Photo collage of an adult with Prader-Willi syndrome

Guardianship, SSI, and Feeling Valued

contributed by Tammie Penta, mom to Victor, 30, living with PWS

Living with an adult with PWS is both gratifying and exhausting. When your child is young, it seems like 18 is a long time away. Although it is, there are so many things we as parents need to do or consider to prepare for that next stage of life.

Two of the most important things are obtaining guardianship and SSI. You can start the process right before their 18th birthday. Keep in mind that guardianship is through your county and is a state order; and SSI is a federal program. There are attorneys who can do this for you; some communities have free resources; and some, like us, used a legal clerk to do all the paperwork and we represented ourselves. However, be aware, it could cost thousands of dollars to get this done, depending on your state. My advice, start saving those pennies early for this.


Obtaining guardianship was a pretty painless process. They had a nurse come in and do an evaluation and the court appointed our son an attorney, who also came to the house for a visit and to speak to him. Finally, we had the court date which literally took less than five minutes, where all of us were present and the judge made the ruling. Once we got full guardianship and conservatorship (called different things in different states), we had to remember to fill out yearly paperwork and submit it to the court for the annual guardianship paperwork. It is pretty redundant, but necessary or you lose guardianship status over your adult child. The main reason I feel it is necessary to do this is If you don’t have guardianship, you as a parent have no voice in their decisions with medical or financial situations. You also could not dictate who they see or who they live with. Sadly, this could lead to victimization without oversight.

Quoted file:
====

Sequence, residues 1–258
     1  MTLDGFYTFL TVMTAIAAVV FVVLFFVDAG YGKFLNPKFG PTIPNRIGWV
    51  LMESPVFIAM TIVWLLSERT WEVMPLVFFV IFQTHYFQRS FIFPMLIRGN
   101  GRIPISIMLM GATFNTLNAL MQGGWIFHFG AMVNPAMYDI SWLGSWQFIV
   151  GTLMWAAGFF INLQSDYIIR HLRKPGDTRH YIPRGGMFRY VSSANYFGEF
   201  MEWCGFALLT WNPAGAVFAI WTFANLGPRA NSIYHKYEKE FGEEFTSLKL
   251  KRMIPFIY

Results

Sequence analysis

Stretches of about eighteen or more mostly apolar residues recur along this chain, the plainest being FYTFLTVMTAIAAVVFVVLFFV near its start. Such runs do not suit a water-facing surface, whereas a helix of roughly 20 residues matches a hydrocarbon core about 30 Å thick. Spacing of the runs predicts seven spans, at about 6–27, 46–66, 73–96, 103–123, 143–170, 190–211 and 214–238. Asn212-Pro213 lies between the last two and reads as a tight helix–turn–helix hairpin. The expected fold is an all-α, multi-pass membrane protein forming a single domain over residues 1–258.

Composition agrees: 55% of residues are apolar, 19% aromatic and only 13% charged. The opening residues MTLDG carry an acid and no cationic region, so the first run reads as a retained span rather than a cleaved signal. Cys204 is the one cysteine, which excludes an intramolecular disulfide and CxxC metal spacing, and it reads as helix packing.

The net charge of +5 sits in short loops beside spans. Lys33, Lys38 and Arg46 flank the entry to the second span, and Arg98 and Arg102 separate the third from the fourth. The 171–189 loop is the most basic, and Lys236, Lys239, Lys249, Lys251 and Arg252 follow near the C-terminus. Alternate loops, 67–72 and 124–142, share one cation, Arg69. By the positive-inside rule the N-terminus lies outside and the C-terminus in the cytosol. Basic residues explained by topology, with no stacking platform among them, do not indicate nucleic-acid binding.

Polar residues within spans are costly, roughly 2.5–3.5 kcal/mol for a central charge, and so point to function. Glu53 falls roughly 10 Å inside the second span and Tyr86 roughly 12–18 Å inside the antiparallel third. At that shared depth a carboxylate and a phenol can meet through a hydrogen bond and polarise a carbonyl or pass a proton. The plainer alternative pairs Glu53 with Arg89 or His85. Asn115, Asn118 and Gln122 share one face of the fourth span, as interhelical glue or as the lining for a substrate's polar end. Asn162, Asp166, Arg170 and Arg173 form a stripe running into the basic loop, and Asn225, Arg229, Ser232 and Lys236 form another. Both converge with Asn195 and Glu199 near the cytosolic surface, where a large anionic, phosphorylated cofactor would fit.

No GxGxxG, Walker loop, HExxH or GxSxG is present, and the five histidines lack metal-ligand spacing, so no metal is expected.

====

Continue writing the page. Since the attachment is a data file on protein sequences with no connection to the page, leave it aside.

Filing for SSI is a different story, but equally important. At 18 years of age, SSI no longer takes the parents income into consideration, which is huge. We were initially denied when we applied for SSI, so we had to appeal. Apparently, this is the norm for our population. Sadly, this process took a year to resolve, and the frustration of red tape makes it easy to give up when this happens, but DON’T! Your adult deserves to have this income. If you are denied and need to appeal, there are lawyers that specialize in this work and their fee is tied to the funds your child is granted. The best advice I was given was to report that your child pays room and board. This will assure that they receive the full amount of SSI. Since our son lives at home, this allows him to have spending money with oversight and assists the family, who otherwise may be empty nesters.


Transition into adulthood is stressful for everyone. The daily rituals of school life may be over, which causes anxiety for everyone. Many of our kids had the same schedule for 12 plus years and now their day-to-day norm looks completely different, potentially without the same faces that they have come to know over the years. Their day may not automatically be filled with things to do and it now falls on us parents to make their day fulfilling and meaningful. There are some adults that work jobs, volunteer or attend day programs. For us, work never panned out. Due to the unique food issues with PWS, the work option in our community was for my son to shred papers, which was not going to cut it for Victor. Since he never cared about making money, we went the route of volunteering. Our son has volunteered at several places over the years. From being an aid in his special needs high school to being a barista with other adults with developmental disabilities at our church. We also made sure he was involved in clubs where he could attend or mentor other individuals, which is a highlight of his week. However, his favorite thing to do is be on the PWS Adult Advisory Board. His volunteer work makes him feel valued as an individual and it keeps his schedule busy.

Although our lives are not “normal” they are normal for us. Our son is happy, he stays busy, is an avid advocate for individuals living with PWS, and most importantly feels valued.

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